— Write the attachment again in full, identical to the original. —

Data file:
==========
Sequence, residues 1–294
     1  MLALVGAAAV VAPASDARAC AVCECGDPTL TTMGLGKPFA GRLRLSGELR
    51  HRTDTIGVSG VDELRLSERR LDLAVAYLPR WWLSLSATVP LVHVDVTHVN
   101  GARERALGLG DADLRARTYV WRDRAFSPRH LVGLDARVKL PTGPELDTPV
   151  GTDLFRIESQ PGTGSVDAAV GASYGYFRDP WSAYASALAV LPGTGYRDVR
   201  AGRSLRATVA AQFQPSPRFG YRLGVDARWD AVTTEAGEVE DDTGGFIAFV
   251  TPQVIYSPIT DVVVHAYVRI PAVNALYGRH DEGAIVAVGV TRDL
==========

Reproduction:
Sequence, residues 1–294
     1  MLALVGAAAV VAPASDARAC AVCECGDPTL TTMGLGKPFA GRLRLSGELR
    51  HRTDTIGVSG VDELRLSERR LDLAVAYLPR WWLSLSATVP LVHVDVTHVN
   101  GARERALGLG DADLRARTYV WRDRAFSPRH LVGLDARVKL PTGPELDTPV
   151  GTDLFRIESQ PGTGSVDAAV GASYGYFRDP WSAYASALAV LPGTGYRDVR
   201  AGRSLRATVA AQFQPSPRFG YRLGVDARWD AVTTEAGEVE DDTGGFIAFV
   251  TPQVIYSPIT DVVVHAYVRI PAVNALYGRH DEGAIVAVGV TRDL